WASHINGTON — Defense Secretary Donald H. Rumsfeld has chosen replacements for the No. 2 and No. 3 civilian posts in the Pentagon, but said he was awaiting action in the White House and on Capitol Hill to help the Pentagon cope with a growing list of top job vacancies.
Rumsfeld said Tuesday he had recommended successors to Deputy Defense Secretary Paul D. Wolfowitz, who is leaving soon to head the World Bank, and Undersecretary for Policy Douglas J. Feith.
Rumsfeld also is said to be actively seeking a replacement for Joint Chiefs of Staff Chairman Gen. Richard B. Myers, who is due to retire Sept. 30. And five of the top six civilian posts in the Air Force, as well as the job of secretary of the Navy, are waiting to be filled.
Among the 47 Pentagon appointments requiring presidential nomination and Senate confirmation, Rumsfeld said, as many as one-fourth have been vacant in recent years because of delays in approval. Even Lawrence DiRita, the Pentagon's acting press secretary, is due to be replaced after he withdrew his name from consideration by the Senate late last year.
The delays occur at all levels, attributable to screening by the FBI and vetting by the White House as well as political turmoil in Congress, Rumsfeld said at a news conference Tuesday.
Rumsfeld would not name his choices for the posts, deferring to President Bush, who must make the nominations. But the range of open positions offers Rumsfeld the chance to continue his transformation of the Pentagon's top leadership. Rumsfeld has canceled other meetings recently to devote more attention to personnel issues, spending hours each week in high-level conferences discussing nominees, Defense officials said.
Navy Secretary Gordon R. England is likely to replace Wolfowitz as the second-ranking civilian official, senior Defense officials said on condition of anonymity. England, considered Rumsfeld's "go-to guy," left the Navy in 2003 for the Homeland Security Department. Rumsfeld brought England back to the Pentagon later that year. While embroiled last year in the prison abuse scandal, Rumsfeld gave England the job of overseeing reviews of detainees held at Guantanamo Bay, Cuba.
With 30 years' experience in defense and technology industries, including four years as executive vice president of defense contractor General Dynamics Corp., England has the managerial skills Rumsfeld valued in Wolfowitz, who was given much of the job of running the Pentagon on a day-to-day basis, Defense officials said.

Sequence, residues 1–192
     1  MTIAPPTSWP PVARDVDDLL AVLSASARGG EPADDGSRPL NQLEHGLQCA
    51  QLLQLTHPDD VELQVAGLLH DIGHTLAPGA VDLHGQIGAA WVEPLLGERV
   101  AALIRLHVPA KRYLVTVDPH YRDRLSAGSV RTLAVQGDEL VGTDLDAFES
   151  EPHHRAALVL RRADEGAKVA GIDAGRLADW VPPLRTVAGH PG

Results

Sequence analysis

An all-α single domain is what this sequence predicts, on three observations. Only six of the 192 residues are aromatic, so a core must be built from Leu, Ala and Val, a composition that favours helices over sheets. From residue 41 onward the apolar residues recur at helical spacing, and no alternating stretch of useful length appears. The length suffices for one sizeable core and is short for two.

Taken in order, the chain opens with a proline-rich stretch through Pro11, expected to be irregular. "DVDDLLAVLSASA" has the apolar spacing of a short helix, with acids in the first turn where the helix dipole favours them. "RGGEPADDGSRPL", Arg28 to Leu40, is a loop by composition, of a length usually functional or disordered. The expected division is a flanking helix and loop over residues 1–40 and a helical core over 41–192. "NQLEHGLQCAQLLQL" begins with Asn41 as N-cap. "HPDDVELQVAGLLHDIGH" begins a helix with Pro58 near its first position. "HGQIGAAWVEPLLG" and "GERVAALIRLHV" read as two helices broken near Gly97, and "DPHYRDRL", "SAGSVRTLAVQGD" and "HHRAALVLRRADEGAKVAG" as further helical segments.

England was considered Rumsfeld's top choice for Air Force secretary until Wolfowitz resigned the No. 2 post to pursue the job of World Bank president.
England acknowledged Tuesday that he had been interviewed for the job, but declined to say whether Rumsfeld had recommended him. "But I'd be pleased to serve if I was nominated," England told reporters at the Pentagon.
Rumsfeld declined to say whom he had recommended to replace Feith in the No. 3 Pentagon spot. Speculation has centered on the departing U.S. ambassador to Turkey, Eric S. Edelman, as the top choice. Edelman announced his resignation from the Foreign Service on March 18, calling it a personal decision.
Edelman previously served as national security advisor to Vice President Dick Cheney and as ambassador to Finland. He also served as a diplomat in Prague and Moscow.
The Pentagon's top uniformed position, chairman of the Joint Chiefs of Staff, will be vacant once Myers retires. Rumsfeld's former executive assistant, Adm. Edmund P. Giambastiani Jr., head of Joint Forces Command, is among two leading contenders for the post. The second is Myers' vice chairman, Marine Gen. Peter Pace, according to senior Defense officials familiar with Rumsfeld's thinking.
One senior Defense official, speaking on condition of anonymity, said there had been consideration given to installing Giambastiani as the vice chairman under Pace. But under military rules, Pace could only serve two years as chairman because of his tenure as vice chairman, unless the White House invoked a wartime exception.
Rumsfeld has faced demands for his resignation over the Iraq war and the prison abuse scandal, but now plans to remain in his job, the senior Defense officials said. Some of his past personnel moves have proved controversial.
In an unusual move in 2003, Rumsfeld, dissatisfied with the Army, rankled many in the nation's oldest armed service by passing over every general to pull Gen. Peter J. Schoomaker out of retirement to serve as chief of staff of the Army.
A noted failure for Rumsfeld was his novel effort to move Air Force Secretary James G. Roche into the same job in the Army. Roche eventually withdrew his name for the post after Sen. John McCain (R-Ariz.) opposed action on the nomination following a contracting controversy that resulted in the dismissal of an Air Force official who sought to steer an air refueling contract to Boeing in exchange for a job with the aircraft maker.
The appointment process has often irked the blunt-spoken Rumsfeld, who said confirmation delays of as long as 18 months threatened the nation's civilian control of the military.
"The process today is not working well," Rumsfeld said.